Conversely, I fucking hate showing skin.  I don’t like tank tops, tube tops are right out.  I mean, they look ok on some folks.  They even might look ok on me if they are the just right cut, fabric, color, etc.  But I do not ever feel comfortable in summer clothes.  I feel like I’m in drag.  I feel like I’m putting on dad’s shoes and walking around the house in them.  Tee-hee, look at me in shorts!  (which you will never see in fact, not now that I can’t wear combat boots to offset the blocky sportiness or worse, sausage evoking tubularity of shorts – which I find fully offensive on my long boned, pale form).  Long lightweight skirts are what you’ll find wound around me in the summertime.

In addition to the several heat waves of July and my general dislike of the summer, this summer, I have been beset by a sensation I am perplexed by.  Most especially, by what to call it.  I’ve discussed it here.  Dizziness?  Nope.  Not really.  No spinning.  Vertigo?  Well, I described it to my primary care physician and he said (and wrote) “what you describe doesn’t sound like vertigo”.  The neurologist I saw last week said it sounded like “central vertigo”.  My therapist and I have been calling it “imbalance”, with tongues firmly in cheeks.  So I’ve been “imbalanced” all god damned summer.  I had a brief break in early/mid August.  I mean brief.  And now it’s back.  I could cry.  I have cried.  A lot.  Because on top of the fatigue, the joint pain, the headaches, the faintness, the daily diarrhea, the endometriosis and adenomyosis-fibroids-whatever-the-hell-you-call-big-fat-uterus-because-endometrial-tissue-is-growing-INTO-the-walls-of-it pain, on top of all that shit, I’m “imbalanced”.

Another trick my body has learned.

I do want to catch you (singular) up with the neuro appointment and stuff.  Here’s the speedy version:

Probably “transformed/evolved migraine”, god only knows why.  Why for anyone?  MRI with contrast, emphasis on orbits b/c I have lots of unilateral eye pain and visual symptoms.  EEG b/c I had this er, strange episode at the start of all this “imbalance” in early July.  Long story involving not being able to orient to a room – not because of spins/dizzies, just like my brain lost the instructions for how to look OVER THERE.  Very creepy.  EMG b/c I had diminished vibratory reflexes and have “proximal weakness” in my arms.  Had that for a while.  Figured it was just deconditioning.  Probably though I should be able to wash my hair without needing to take breaks.  And my least favorite of them all, a lumbar puncture.  To rule out MS I suppose.  This hasn’t been scheduled yet.  And I’m hoping it ends up not needing to happen.  Had one with the neuro lyme.  It leaked. It sucked.   In the meantime, for the probably transformed migraine that this probably is, I have been prescribed a fucking scary drug called Zonegran/Zonisamide.  It’s an anticonvulsant.  It’s got ugly psych side effects.  He didn’t tell me about those in his office and I did specifically ask “what is the worst not rare side effect it has?”  Oh he didn’t mention “A small number of adults and children 5 years of age and older (about 1 in 500 people) who took anticonvulsants such as zonisamide to treat various conditions during clinical studies became suicidal during their treatment. Some of these people developed suicidal thoughts and behavior as early as 1 week after they started taking the medication.” [1]  Nope.  I guess that’s what I get for saying “not rare”.  Also, the reference I quoted goes on to say “There is a risk that you may experience changes in your mental health if you take an anticonvulsants medication such as zonisamide, but there may also be a risk that you will experience changes in your mental health if your condition is not treated.”  which is 100% true.  The crying started before the Crazy Making Drug (new entry, CMD), and believe me when I say that my condition is fully affecting my mental health.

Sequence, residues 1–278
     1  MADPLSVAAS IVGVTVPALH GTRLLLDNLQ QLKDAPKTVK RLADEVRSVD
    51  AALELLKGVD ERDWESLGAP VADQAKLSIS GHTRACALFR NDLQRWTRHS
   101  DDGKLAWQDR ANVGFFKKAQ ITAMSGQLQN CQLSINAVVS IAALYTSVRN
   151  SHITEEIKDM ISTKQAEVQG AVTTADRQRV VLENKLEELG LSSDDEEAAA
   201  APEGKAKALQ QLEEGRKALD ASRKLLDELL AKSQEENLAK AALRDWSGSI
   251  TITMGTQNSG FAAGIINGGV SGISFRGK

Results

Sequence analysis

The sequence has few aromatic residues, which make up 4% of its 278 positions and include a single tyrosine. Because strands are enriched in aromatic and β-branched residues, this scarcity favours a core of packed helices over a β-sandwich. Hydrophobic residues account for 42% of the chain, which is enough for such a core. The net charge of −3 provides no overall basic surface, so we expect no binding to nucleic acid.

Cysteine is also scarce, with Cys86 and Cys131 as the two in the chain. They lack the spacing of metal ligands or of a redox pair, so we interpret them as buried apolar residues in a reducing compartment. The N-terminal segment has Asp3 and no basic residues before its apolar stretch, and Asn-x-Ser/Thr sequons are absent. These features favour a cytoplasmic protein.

So.  I’ve been on the CMD since Saturday.  I’m supposed to increase the dose tonight.  I felt pretty darned good on Monday aside from a wee bit of anxiety (it’s rare for me so I really notice it when I have it.  I can count on one hand the number of times I’ve experienced actual physically felt anxiety with the whistles and bells).  Every other day but Monday, I felt like shit.  And yesterday, woooodoggy.  Yesterday was horrible.  Yesterday night was a big fat migraine.  A real doozy.  I’m just ending my period, the weather’s wonky, my neighbor’s apparently taken up step dancing or is auditioning for STOMP or something, since starting the CMD I’ve been waking up mighty early (like 3:30 AM early) so yeah, we had the migraine mix going in full swing.  Since I woke up this AM with a headache still (not a big ol’migraine level one but a headache nonetheless), I called in and used up the rest of my precious sick time.

My one foray out of the house was to dunkies and CVS.  Indeed I am staying out of the hot sun.  At least today.


“What’s going on?”

A friend recently asked this with regards to the health stuff.  She’s been a great friend through this.  She’s busy with her kids and her life several states away, but when we talk about my health problems, she listens and she asks questions and she expresses concern, support, and empathy.  I am so grateful for this.  Especially today, since it contrasts so sharply with some family of mine – specifically, my sister.